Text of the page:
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Advantech develops 'mini-PSIM'

Advantech develops 'mini-PSIM' Integrator pushes products to the limit with customization

DOVER, Del.—Systems integrator Advantech is expanding its business with a software it developed, a driver that's like a mini-PSIM of sorts, that uses “traditional detention PLC (program logic controller) mapping tools in other applications,” Advantech COO Dave Sweeney told Security Systems News.

Founded in 1990, Advantech is a $12 million integrator with 43 employees. Based here, it is a Security-Net member.

Advantech does a lot of work with school systems, both K-12 and higher ed, with state and local governments, corrections, courthouses and law enforcement.

As end users become more conscious of their energy consumption, Advantech has begun to offer more “building automation-driven solutions,” Sweeney said.

For example, a school is typically unoccupied for one-third of the day. When the alarm system is armed, lights should be turned off, the temperature should be turned down and the emergency lights should also be turned off, Sweeney said. “Then if the alarm system goes off, why not turn all of the lights on so the principal who's checking out the alarm can see what's going on?”

Sweeney calls much of what Advantech does “value-added integration. It's not overly sophisticated integration it's things like deploying a graphic map at the front desk [of the school] that shows all the intrusion points. If there's a door that shouldn't be open, you hit the camera icon to see what's going on.”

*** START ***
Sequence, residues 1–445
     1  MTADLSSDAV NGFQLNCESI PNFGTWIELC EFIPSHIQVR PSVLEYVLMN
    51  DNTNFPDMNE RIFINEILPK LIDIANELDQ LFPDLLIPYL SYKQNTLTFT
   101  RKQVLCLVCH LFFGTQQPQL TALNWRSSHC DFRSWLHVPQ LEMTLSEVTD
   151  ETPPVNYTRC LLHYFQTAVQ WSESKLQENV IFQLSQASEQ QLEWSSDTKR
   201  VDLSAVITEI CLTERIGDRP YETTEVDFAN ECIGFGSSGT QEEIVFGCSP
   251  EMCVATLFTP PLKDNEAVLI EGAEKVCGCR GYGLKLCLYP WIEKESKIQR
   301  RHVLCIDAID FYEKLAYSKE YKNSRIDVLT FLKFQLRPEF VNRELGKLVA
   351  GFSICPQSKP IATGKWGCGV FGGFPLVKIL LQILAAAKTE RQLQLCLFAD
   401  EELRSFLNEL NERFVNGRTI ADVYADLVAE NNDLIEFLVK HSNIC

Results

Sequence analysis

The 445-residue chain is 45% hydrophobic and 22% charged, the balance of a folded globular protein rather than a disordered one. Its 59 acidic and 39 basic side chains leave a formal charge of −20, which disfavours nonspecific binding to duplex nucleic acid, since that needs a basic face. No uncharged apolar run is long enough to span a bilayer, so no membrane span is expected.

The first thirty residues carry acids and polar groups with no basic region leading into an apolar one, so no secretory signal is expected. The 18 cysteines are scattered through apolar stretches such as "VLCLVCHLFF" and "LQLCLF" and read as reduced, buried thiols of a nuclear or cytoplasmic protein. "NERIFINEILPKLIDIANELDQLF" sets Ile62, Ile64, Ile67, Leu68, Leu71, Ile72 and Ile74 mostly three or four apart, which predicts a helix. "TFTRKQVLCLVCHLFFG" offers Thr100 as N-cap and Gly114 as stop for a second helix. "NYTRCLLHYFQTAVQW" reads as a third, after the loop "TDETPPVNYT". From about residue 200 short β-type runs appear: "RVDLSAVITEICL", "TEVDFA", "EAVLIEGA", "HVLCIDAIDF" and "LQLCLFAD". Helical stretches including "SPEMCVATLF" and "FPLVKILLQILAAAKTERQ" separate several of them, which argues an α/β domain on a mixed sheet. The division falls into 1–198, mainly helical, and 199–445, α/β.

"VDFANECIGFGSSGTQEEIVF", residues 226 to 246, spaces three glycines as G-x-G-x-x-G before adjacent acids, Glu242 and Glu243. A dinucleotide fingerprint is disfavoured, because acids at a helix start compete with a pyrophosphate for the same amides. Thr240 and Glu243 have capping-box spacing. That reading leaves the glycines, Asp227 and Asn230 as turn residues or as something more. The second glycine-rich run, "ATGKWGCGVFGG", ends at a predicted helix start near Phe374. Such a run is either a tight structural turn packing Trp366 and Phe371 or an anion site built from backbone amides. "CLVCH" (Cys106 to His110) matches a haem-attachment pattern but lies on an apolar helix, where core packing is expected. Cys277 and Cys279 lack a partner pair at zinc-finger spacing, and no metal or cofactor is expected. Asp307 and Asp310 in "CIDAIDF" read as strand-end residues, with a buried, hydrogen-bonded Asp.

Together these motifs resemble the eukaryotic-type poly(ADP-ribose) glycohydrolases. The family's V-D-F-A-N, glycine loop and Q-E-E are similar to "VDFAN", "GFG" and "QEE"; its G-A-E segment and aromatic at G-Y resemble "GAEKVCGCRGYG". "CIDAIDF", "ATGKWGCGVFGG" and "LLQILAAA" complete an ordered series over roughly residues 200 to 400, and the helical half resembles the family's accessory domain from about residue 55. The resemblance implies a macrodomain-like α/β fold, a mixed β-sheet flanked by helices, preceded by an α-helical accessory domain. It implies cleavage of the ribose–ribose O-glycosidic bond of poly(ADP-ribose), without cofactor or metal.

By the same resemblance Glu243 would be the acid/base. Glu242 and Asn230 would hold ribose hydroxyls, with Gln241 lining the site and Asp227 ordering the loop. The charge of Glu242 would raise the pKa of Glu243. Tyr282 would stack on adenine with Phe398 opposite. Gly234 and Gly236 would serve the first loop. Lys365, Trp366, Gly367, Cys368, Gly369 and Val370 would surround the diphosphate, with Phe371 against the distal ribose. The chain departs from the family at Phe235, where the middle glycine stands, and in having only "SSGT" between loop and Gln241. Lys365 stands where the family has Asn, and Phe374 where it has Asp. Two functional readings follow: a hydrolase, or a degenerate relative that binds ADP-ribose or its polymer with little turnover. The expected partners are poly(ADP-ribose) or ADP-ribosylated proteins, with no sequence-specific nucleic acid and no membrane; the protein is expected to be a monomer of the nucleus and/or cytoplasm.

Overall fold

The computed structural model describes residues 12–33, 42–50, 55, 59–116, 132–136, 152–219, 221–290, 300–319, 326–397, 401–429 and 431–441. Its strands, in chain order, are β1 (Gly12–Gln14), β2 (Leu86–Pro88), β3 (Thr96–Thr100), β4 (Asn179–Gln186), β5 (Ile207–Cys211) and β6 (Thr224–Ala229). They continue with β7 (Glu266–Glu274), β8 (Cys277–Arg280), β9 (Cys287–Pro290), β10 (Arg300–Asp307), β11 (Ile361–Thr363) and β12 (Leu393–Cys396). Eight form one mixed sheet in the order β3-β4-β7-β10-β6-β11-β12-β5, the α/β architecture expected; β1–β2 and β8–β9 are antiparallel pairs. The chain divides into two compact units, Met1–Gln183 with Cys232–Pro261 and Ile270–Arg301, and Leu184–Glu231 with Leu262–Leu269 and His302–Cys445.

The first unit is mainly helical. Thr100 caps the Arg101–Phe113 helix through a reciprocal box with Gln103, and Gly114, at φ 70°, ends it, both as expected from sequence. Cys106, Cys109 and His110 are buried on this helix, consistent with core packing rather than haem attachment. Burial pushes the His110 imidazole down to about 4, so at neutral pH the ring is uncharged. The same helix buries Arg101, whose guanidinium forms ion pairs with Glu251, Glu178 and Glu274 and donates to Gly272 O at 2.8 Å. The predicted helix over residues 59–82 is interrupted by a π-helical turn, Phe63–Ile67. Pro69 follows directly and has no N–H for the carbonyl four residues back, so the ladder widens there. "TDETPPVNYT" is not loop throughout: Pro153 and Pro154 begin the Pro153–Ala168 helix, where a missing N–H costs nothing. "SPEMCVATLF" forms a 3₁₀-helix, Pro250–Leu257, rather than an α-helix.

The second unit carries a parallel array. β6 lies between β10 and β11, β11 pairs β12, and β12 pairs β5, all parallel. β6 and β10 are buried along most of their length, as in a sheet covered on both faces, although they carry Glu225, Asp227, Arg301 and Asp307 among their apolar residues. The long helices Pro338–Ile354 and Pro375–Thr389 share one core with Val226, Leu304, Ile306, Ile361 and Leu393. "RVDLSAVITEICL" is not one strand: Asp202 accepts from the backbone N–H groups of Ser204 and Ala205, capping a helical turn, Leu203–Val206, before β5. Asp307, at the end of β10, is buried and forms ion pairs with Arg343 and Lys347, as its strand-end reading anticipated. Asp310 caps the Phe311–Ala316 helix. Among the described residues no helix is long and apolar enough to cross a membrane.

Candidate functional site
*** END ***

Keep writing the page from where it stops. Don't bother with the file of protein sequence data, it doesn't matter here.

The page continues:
Sweeney uses Advantech's mini-PSIM-type “driver,” a proprietary software which it developed in-house, to accomplish these types of integrations. “We use a PLC on the back end [to integrate multiple subsystems],” he said. “You take the intrusion detection data and video data and present that on a map that can be customized to a customer's needs.”

The main advantage is that it's simple to use. The person at a school front desk using the graphic map interface does not “need eight hours of training on a VMS,” Sweeney said.

“It doesn't add a tremendous amount of stuff,” he said. “[But] it allows you to get more value out of a system that you've already deployed [and] it allows more people to use the system.”

The Advantech driver is PSIM-like in that “with a PSIM you would write an integration to each subsystem,” Sweeney said. The similarity stops there, he emphasized. PSIMs are rules-based and far more complex.

The PSIM has its place, he said, but the customers who need a PSIM “are few and far between. The middle market is where the opportunity is."

The Advantech driver can “present basic information in an intuitive format,” he said. It's flexible enough to be deployed at a school, wastewater treatment plant or in any number of other applications.

In November, Honeywell recognized Advantech as its “Integrator of the Year.” Sweeney said that Honeywell appreciated that Advantech does “not just deploy canned solutions, that it takes the time to uniquely solve problems, to push the product to its limit [which makes] the product and solution better for the customer.”


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